|Publication number||US7147111 B2|
|Application number||US 10/651,467|
|Publication date||Dec 12, 2006|
|Filing date||Aug 29, 2003|
|Priority date||Aug 29, 2003|
|Also published as||US20050045535|
|Publication number||10651467, 651467, US 7147111 B2, US 7147111B2, US-B2-7147111, US7147111 B2, US7147111B2|
|Inventors||Brian K. Fendley|
|Original Assignee||Fendley Brian K|
|Export Citation||BiBTeX, EndNote, RefMan|
|Patent Citations (8), Non-Patent Citations (3), Referenced by (5), Classifications (32), Legal Events (2)|
|External Links: USPTO, USPTO Assignment, Espacenet|
This invention relates to a hindered-settling fluid classifier applicable for wet processing aggregate, such as sand, coal, gravel, and ash. The invention effectively washes and classifies raw material based on its specific gravity and settling velocity. The resulting processed aggregates are commonly found in everyday items, such as paint, paper, plastics and glass, and are often used as mineral supplements for agriculture, medicines and household products.
As a result of higher quality demands and an increased use of fines, washing has become a common and necessary step in aggregate processing. Some asphalt and other sand specifications allow for greater use of fines. On-going studies by the Georgia and North Carolina transportation departments, along with the International Center for Aggregates Research, have shown high-fines mixes to be as good or better for strength and durability as many current sand specifications. As this research proves out, specifications have and will continue to change for higher-fines use. As this happens, aggregate processing plants will need to be updated or built to retain more fines.
Presently, the aggregate industry uses material-recovery systems including cyclones and sand dewatering screws to process and recover fines. Cyclones are generally expensive, and require sump tanks, high-horsepower pumps, and extensive plumbing within the processing plant. Sand-dewatering screws are a generally cost effective alternative, but have several disadvantages and limitations. Sand screws receive a quantity of slurry directly from a wet screening operation or from a classifying tank. The screw then augers out the sand product to a minimum moisture content to be conveyed and stockpiled. The resulting product is a single processed aggregate ranging in size from the largest feed to the cut-off point of fines removal. In many cases, the processed aggregate is relatively “dirty” (includes deleterious particles) and does not satisfy growing demands for high-fines usage.
Therefore, it is an object of the invention to provide a hindered-settling fluid classifier which effectively processes and classifies deposits high in fines (minus 100 to 200 mesh).
It is another object of the invention to provide a hindered-settling fluid classifier which recovers and simultaneously segregates aggregate in a wide range of sizes based on specific gravities.
It is another object of the invention to provide a hindered-settling fluid classifier which effectively separates deleterious particles entrained in the aggregate slurry.
It is another object of the invention to provide a hindered-settling fluid classifier which is capable of processing raw material at a rate of 200 tons/hr.
It is another object of the invention to provide a hindered-settling fluid classifier which is capable of wet processing aggregate slurry at a rate of 2000 gal/min.
It is another object of the invention to provide a hindered-settling fluid classifier which eliminates the need for aggregate processing through a sand dewatering screw.
It is another object of the invention to provide a hindered-settling fluid classifier which retains substantially more fines than traditional material-recovery systems of the prior art.
These and other objects of the present invention are achieved in the preferred embodiments disclosed below by providing a hindered-settling fluid classifier adapted for processing aggregate entrained in a flowing slurry. The classifier includes a classifier tank defined by walls, and having an inlet at its upstream end and an outlet at its downstream end. A slurry feed pipe is connected to the tank inlet for introducing the aggregate slurry into the classifier tank for processing. A plurality of laterally-extending flow control doors are spaced apart along a length of the classifier tank, and are adapted for interrupting flow of the aggregate slurry downstream from the tank inlet to the tank outlet. The doors define respective material settling zones each located a progressively greater distance downstream from the tank inlet. Means are provided for generating an upwardly rising current in each of the material settling zones to control the settling velocity of aggregate floating downwardly towards a base of the classifier tank. A plurality of collection hoppers are located at the base of the classifier tank and below respective settling zones for collecting and classifying aggregate settling within the zones.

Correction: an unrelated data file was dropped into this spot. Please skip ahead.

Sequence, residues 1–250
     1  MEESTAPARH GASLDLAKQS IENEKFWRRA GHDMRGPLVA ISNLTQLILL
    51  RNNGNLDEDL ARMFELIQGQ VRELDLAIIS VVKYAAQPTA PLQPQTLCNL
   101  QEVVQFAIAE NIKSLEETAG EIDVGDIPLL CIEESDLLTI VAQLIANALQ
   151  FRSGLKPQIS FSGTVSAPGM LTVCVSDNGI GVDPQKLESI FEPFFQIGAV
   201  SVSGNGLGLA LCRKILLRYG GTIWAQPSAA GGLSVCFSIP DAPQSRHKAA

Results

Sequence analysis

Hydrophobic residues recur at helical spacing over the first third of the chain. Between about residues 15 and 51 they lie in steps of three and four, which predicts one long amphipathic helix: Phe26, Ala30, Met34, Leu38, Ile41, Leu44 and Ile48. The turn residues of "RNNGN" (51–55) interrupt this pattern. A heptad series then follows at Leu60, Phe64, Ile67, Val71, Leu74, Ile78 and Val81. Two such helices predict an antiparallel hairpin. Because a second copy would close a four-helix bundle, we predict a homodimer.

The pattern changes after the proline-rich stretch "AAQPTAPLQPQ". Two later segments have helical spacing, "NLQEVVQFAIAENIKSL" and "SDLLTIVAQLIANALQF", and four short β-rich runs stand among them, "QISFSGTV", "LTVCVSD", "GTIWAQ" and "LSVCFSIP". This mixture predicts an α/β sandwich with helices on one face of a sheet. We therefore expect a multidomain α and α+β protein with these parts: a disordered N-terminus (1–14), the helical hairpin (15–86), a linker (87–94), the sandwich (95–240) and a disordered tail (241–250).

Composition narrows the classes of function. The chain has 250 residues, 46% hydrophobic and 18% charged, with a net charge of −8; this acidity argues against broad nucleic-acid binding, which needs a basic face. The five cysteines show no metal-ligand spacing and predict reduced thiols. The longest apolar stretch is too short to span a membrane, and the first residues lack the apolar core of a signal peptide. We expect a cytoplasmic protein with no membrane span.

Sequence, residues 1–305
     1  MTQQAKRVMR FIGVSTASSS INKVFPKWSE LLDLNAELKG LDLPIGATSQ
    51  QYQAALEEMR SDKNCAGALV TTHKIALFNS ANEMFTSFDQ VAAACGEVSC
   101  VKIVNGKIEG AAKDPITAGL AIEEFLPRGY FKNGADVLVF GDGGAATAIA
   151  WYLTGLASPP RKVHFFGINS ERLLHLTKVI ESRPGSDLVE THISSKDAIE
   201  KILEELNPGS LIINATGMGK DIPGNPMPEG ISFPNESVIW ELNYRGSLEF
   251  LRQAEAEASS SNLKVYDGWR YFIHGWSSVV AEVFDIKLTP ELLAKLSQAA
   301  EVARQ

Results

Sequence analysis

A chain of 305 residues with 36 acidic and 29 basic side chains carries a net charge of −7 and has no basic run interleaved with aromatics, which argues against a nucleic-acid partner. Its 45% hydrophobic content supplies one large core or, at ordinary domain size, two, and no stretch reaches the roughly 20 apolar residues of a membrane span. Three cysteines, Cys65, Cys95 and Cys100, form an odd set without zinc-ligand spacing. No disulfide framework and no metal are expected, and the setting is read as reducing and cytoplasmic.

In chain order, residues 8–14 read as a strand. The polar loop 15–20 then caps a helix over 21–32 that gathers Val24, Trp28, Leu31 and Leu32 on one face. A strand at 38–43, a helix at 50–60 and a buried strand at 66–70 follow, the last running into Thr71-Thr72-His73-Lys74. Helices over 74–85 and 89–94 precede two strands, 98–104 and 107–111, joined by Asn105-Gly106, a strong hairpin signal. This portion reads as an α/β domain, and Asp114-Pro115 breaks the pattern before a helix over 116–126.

According to another preferred embodiment of the invention, the means for generating an upwardly rising current includes at least one water line extending between the collection hoppers and the material settling zones. The water line has a plurality of openings creating respective water jets upwardly within the zones.
According to another preferred embodiment of the invention, the means for generating an upwardly rising current further includes at least one pneumatic line extending between the collection hoppers and the material settling zones. The pneumatic line has a plurality of openings creating respective air jets upwardly within the zones.
According to another preferred embodiment of the invention, a vertical dewatering cylinder is connected to each of the collection hoppers for receiving and drying aggregate gravity-fed through the collection hopper.
According to another preferred embodiment of the invention, a discharge valve is located at a bottom end of the dewatering cylinder for controlling discharge of classified aggregate outwardly from the dewatering cylinder.
According to another preferred embodiment of the invention, a flexible diverter tube communicates with the dewatering cylinder and is adapted for locating the classified aggregate discharged through the dewatering cylinder.
According to another preferred embodiment of the invention, a material diverter is connected to the diverter tube for moving the diverter tube between multiple aggregate deposit locations.
According to another preferred embodiment of the invention, a plurality of material conveyors are adapted for receiving the classified aggregate discharged through the material diverter, and for transporting the classified aggregate to respective stockpiles.
According to another preferred embodiment of the invention, a deposit chute is located above one of the plurality of material conveyors for directing the discharged classified aggregate onto the material conveyor.